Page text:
Scholarship money is up for grabs for Becker College’s varsity Overwatch team when it competes in Tespa’s upcoming varsity league. The college, known for its game development program, bumped its Overwatch team to the varsity level, the school announced this week. The Tespa Overwatch Collegiate Championship’s Varsity League begins later this month.
Overwatch is the third esports game supported at a varsity level by Becker College. League of Legends and Smite are the other two programs available at the Massachusetts-based school. The players began competing together at the club level, but were recently upgraded to the varsity program this semester. “I didn’t expect varsity level when I came to Becker,” team captain Thomas Murphy told Dot Esports. “The varsity program is a lot different than a casual team. I’m glad I get to experience it.”
The team balances its practice schedule—typically two to three times a week—with schoolwork and game days. “School does come first,” Becker varsity Overwatch teammate Haley Jarosz said. “But we make sure we have our grades up and get homework done before practice.”
All of the varsity team’s members are part of Becker’s game development program, which Sam Hauser told Dot Esports is an advantage for the team. “Game development is team-based and knowing your role and how your role impacts everyone else,” Hauser said. “Playing on a team is exactly like that. It’s building collaborative skills that are transferable into team play in esports and working on a development team. It’s a pretty unique dynamic.”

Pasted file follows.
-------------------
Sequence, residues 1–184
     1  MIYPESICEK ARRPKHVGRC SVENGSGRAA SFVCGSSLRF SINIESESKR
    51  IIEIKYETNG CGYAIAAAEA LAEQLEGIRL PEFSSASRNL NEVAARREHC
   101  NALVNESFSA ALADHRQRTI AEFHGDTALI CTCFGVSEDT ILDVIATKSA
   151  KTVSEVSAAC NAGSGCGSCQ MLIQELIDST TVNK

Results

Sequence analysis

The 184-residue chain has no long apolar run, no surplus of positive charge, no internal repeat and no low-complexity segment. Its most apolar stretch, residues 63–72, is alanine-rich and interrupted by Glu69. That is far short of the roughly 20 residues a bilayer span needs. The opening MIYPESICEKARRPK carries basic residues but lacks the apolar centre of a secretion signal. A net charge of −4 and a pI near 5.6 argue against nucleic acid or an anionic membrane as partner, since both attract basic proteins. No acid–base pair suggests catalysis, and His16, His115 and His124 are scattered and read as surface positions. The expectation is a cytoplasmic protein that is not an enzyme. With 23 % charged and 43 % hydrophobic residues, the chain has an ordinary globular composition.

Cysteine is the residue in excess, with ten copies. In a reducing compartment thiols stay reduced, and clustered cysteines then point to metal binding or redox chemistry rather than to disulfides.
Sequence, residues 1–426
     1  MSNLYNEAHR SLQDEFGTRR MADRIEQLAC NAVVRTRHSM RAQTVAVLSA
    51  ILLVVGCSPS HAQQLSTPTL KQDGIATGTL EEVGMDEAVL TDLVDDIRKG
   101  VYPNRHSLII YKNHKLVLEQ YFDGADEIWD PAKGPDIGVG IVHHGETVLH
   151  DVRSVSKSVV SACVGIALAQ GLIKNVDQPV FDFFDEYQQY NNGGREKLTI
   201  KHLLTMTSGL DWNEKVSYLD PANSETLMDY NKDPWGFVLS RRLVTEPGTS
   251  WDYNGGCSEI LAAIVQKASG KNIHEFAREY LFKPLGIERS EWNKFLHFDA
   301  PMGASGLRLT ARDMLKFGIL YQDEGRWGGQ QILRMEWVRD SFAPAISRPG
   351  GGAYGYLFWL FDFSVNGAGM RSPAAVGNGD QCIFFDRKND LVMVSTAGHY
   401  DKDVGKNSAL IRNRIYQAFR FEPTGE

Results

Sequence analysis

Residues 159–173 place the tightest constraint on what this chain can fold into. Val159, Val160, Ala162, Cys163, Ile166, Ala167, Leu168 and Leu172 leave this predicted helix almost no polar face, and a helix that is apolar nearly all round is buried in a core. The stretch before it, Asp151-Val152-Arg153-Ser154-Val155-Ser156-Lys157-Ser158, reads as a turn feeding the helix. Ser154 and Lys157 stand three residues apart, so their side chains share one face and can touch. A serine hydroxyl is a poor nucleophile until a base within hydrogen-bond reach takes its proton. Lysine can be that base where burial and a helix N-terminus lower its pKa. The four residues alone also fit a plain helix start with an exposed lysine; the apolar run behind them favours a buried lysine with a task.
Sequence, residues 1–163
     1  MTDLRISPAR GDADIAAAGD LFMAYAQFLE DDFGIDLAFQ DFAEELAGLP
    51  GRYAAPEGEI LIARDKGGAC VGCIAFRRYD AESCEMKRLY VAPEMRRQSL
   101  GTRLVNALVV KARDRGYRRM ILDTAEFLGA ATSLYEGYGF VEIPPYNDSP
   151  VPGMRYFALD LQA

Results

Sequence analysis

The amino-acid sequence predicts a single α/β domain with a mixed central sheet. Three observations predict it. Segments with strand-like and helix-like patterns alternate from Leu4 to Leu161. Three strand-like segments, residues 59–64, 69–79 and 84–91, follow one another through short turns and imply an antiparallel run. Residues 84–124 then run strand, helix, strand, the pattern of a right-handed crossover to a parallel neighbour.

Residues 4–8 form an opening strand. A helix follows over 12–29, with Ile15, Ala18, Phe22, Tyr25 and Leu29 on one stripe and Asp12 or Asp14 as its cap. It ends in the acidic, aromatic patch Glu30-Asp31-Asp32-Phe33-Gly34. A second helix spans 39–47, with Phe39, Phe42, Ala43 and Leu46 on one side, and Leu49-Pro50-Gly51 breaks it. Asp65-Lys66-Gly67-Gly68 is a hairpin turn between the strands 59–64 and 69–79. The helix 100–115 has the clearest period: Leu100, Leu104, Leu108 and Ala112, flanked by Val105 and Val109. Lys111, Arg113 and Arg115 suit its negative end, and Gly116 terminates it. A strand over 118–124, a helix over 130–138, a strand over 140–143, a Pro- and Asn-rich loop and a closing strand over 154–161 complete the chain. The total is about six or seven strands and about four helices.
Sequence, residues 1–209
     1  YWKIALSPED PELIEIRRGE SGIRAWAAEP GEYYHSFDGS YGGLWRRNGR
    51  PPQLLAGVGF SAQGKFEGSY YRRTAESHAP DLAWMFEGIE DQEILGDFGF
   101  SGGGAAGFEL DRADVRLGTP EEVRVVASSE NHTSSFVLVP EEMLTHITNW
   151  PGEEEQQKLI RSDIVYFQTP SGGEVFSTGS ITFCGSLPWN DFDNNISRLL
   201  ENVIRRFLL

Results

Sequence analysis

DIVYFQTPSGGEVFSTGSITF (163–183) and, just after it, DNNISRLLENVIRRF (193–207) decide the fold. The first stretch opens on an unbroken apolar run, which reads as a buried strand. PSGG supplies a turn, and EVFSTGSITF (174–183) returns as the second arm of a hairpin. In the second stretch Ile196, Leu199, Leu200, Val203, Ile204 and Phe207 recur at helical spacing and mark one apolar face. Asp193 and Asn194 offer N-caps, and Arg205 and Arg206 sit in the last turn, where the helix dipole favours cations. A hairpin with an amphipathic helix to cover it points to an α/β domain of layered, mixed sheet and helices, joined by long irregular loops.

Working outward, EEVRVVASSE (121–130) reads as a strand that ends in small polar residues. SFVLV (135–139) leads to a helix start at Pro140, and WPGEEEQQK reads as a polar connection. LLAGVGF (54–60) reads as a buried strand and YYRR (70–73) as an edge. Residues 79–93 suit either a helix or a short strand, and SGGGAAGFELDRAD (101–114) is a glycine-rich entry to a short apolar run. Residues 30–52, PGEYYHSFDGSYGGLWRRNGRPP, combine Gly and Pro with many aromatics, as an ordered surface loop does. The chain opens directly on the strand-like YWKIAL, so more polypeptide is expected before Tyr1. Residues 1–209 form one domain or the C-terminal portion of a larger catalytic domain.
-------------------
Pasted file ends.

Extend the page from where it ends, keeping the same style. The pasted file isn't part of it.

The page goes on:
When Tespa starts later this month, Becker will be up against other varsity programs including Northeastern University, Southern New Hampshire University, and New York Institute of Technology for the group phase. The top four teams from the varsity league will be eligible to compete in the National Championship, which will award $1,700 per Overwatch team player for first place.
Becker College is aiming for the top. “We definitely want to win everything,” Murphy said. “It would help the school and the players with recognition.”
With the addition of its recently-added esports management degree program, Becker College esports program general manager Timothy Loew thinks the school will become a destination for college-level esports players. “We expect students incoming in the fall to come here because there is a varsity esports program and an active community,” Loew said.
Collegiate esports are growing as more colleges—now more than 100—integrate esports teams, clubs, and courses into their programs. Becker College itself offers esports scholarships to some players. Many other colleges do, too. The University of Providence is offering 10 to 15 new esports scholarships for the 2018 to 2019 school year. It’s new territory for college sports, and scholarships are still relatively small, but it’s a growing way to attract new students.